Gastroenteritis outbreak in Marlborough

Press Release – Nelson Marlborough District Health Board

Eight patients at Wairau Hospital are currently in isolation with gastroenteritis and up to 10 hospital staff members have been affected.Gastroenteritis outbreak in Marlborough: Public health advice
Eight patients at Wairau Hospital are currently in isolation with gastroenteritis and up to 10 hospital staff members have been affected.

Hospital Operations Manager and Assistant Director of Nursing Joyce Forsyth says that robust infection prevention practice is in place at the hospital to help prevent the spread of gastroenteritis to patients, staff and visitors, but that the community has an important role to play also. Tests are also being conducted to confirm whether the cause is norovirus.

She says that gastroenteritis is highly infectious, very easily spread from person to person and that it is very important not to come into the hospital – or any public place – if you know you are sick or think that you may have gastroenteritis.

Know the symptoms
The symptoms of gastroenteritis are:

nausea, vomiting and diarrhoea
stomach cramps, headache and low-grade fever
chills and muscle aches
Looking after yourself, and others, at home
Most people with gastroenteritis can treat themselves at home, and help prevent other family members catching it by following good hygiene. Staying at home also helps prevent the spread in the community.

There is no specific treatment for gastroenteritis. Dehydration is the main cause of illness; to prevent this:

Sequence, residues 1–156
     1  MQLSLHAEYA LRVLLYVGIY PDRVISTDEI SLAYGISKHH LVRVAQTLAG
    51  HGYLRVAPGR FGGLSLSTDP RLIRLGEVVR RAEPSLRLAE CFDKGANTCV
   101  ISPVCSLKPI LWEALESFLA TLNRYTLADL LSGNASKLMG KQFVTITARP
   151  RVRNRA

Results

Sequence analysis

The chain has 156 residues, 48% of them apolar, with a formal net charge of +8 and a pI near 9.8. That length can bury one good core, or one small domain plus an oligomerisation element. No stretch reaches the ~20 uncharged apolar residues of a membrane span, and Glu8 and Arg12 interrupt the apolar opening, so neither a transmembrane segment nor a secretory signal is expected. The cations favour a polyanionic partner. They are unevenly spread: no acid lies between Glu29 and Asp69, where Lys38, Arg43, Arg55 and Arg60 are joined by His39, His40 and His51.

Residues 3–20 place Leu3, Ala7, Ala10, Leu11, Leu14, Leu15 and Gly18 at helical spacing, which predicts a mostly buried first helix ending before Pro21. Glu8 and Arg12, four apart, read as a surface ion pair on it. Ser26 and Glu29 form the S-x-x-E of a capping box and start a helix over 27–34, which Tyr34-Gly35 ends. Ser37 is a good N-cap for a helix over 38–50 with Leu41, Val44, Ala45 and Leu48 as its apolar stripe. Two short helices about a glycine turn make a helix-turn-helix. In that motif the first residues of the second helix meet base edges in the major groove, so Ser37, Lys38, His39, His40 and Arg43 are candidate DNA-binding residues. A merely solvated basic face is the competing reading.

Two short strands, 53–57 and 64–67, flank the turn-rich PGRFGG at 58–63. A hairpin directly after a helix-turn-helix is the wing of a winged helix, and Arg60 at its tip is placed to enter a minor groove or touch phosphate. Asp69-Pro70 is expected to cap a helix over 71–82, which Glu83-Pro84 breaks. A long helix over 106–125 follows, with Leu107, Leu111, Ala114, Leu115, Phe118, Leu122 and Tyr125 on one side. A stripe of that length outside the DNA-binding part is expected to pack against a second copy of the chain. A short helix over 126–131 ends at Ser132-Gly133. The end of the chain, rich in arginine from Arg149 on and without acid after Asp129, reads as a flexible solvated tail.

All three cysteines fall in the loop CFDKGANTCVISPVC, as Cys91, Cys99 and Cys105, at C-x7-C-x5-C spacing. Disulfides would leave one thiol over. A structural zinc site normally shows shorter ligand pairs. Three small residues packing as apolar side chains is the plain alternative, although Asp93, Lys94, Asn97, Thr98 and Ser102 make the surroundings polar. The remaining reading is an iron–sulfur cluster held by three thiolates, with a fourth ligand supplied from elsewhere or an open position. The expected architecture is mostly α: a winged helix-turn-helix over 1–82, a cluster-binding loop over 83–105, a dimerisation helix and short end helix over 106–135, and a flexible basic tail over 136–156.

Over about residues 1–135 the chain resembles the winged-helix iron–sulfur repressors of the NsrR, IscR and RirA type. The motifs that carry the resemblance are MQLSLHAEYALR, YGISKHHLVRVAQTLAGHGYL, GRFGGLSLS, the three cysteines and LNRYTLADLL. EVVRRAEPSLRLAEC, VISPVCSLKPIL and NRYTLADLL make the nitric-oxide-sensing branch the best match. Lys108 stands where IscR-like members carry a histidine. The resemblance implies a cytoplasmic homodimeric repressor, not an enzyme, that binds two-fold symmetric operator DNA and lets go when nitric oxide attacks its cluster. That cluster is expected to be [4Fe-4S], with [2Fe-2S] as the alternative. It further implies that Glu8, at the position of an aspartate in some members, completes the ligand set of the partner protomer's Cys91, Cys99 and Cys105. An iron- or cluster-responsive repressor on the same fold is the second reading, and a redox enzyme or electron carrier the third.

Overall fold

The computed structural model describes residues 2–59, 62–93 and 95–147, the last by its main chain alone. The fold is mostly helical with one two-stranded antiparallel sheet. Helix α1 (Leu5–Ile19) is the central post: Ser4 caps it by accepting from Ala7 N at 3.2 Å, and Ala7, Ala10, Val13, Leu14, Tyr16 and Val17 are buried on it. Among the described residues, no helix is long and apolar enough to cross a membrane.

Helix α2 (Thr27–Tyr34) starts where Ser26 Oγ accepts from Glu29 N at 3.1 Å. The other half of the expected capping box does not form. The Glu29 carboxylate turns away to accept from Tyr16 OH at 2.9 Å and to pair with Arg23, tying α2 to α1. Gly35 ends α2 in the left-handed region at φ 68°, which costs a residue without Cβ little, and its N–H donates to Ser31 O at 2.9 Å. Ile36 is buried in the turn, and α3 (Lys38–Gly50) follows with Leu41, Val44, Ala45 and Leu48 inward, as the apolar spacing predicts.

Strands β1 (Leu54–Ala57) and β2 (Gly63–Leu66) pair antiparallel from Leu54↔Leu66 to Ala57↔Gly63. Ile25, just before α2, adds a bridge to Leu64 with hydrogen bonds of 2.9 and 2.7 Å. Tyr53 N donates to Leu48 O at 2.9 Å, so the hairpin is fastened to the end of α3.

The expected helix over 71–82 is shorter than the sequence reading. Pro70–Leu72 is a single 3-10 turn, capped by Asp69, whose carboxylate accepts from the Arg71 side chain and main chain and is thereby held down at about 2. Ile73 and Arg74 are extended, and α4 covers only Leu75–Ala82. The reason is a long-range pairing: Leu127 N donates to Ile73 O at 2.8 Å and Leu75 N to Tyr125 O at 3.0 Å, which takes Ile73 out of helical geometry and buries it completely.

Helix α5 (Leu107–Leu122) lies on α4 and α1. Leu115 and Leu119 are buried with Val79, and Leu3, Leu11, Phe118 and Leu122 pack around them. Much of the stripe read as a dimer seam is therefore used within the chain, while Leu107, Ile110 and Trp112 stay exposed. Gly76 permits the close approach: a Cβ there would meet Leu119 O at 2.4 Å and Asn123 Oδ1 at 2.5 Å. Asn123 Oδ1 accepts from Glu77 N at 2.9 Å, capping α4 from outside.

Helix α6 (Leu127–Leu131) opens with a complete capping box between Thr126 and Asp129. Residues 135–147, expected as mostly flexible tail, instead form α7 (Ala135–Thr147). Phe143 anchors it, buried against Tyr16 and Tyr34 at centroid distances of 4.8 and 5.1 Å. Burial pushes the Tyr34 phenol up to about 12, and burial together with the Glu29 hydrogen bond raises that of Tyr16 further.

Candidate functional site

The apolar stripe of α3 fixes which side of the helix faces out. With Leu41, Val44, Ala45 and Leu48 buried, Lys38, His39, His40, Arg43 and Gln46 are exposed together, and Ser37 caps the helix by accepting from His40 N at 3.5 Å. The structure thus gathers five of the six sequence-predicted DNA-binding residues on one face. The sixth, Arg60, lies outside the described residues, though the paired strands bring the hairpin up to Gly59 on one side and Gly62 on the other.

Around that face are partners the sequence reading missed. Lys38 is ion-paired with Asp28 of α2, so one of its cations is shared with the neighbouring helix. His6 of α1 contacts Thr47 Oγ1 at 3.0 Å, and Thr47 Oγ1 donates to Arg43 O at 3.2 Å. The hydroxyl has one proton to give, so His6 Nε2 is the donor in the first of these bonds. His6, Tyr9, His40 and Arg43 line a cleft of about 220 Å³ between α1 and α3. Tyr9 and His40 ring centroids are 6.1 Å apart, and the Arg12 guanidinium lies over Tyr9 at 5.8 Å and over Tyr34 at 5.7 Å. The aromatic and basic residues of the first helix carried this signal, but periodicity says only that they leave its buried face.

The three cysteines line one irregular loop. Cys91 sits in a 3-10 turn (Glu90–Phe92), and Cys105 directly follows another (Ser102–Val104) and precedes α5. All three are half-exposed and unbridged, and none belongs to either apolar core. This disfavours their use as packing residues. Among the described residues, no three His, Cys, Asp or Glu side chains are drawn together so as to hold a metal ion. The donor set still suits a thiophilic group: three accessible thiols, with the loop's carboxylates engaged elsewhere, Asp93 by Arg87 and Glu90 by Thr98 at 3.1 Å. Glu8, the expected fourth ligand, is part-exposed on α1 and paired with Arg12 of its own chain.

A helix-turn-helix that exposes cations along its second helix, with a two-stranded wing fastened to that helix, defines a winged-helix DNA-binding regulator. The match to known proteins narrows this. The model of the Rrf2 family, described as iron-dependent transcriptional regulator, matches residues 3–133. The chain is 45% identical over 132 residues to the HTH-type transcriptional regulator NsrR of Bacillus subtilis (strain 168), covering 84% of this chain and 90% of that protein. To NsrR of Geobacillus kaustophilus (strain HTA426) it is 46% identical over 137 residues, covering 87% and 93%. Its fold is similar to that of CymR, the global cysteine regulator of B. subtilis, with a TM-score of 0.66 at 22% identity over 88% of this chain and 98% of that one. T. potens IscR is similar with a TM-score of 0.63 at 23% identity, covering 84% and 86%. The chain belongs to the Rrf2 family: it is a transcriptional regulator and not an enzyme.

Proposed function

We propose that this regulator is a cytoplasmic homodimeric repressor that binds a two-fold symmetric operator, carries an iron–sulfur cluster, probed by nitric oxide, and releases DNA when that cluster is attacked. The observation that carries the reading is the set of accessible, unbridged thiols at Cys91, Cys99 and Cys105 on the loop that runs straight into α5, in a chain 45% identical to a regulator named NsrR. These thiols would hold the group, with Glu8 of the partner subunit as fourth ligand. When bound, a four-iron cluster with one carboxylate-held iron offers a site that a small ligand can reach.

drink plenty of plain water and oral rehydration drinks that can be bought from pharmacies and some supermarkets
don’t take medicines to stop vomiting or diarrhoea (unless prescribed by a doctor) as these will stop your body from getting rid of the gastroenteritis virus
To prevent spreading gastroenteritis to other people:
isolate yourself or the sick person you are looking after; put them in their own room and prevent others from entering unless necessary
if you are at a campsite or other public place, consider going home to recover. You can be infectious for up to 48 hours after symptoms cease.
stay away from other people until well and for 48 hours after the last episode of vomiting or diarrhoea
avoid preparing food for others if possible
cook all food thoroughly
wash hands thoroughly after using the toilet, before preparing food and before eating
wash and dry your hands well using soap and water and, ideally, follow this with hand sanitiser
avoid vomiting in sinks or shared basins/surfaces. The toilet is the best place.
clean up vomit or excretia using gloves (if available), detergent and hot water followed by bleach (household bleach diluted 1part bleach to 10 parts water), or a bleach-based disinfectant
immediately remove and wash any contaminated clothes and bedding using detergent and hot water
prepare for gastroenteritis when you pack for a holiday or travel: paper towels, soap and hand sanitiser. Consider packing a small bottle of bleach
report the illness to campground or DOC staff if relevant
When to see a doctor
People are advised to see a doctor if they, or a family member:

has blood in their vomit
gets any new or worse symptoms
has vomiting or diarrhoea for longer than three days
becomes badly dehydrated. Signs of dehydration include: little or no urine passed in the last 8 hours and the urine is dark and smelly; reduced saliva in their mouth, no tears, sunken eyes, sunken fontanelle in infants; dizziness, lethargy (no energy), floppiness, a rapid heart rate and breathing, cool hands and feet or grey cold skin; skin doesn’t relax after being pinched.

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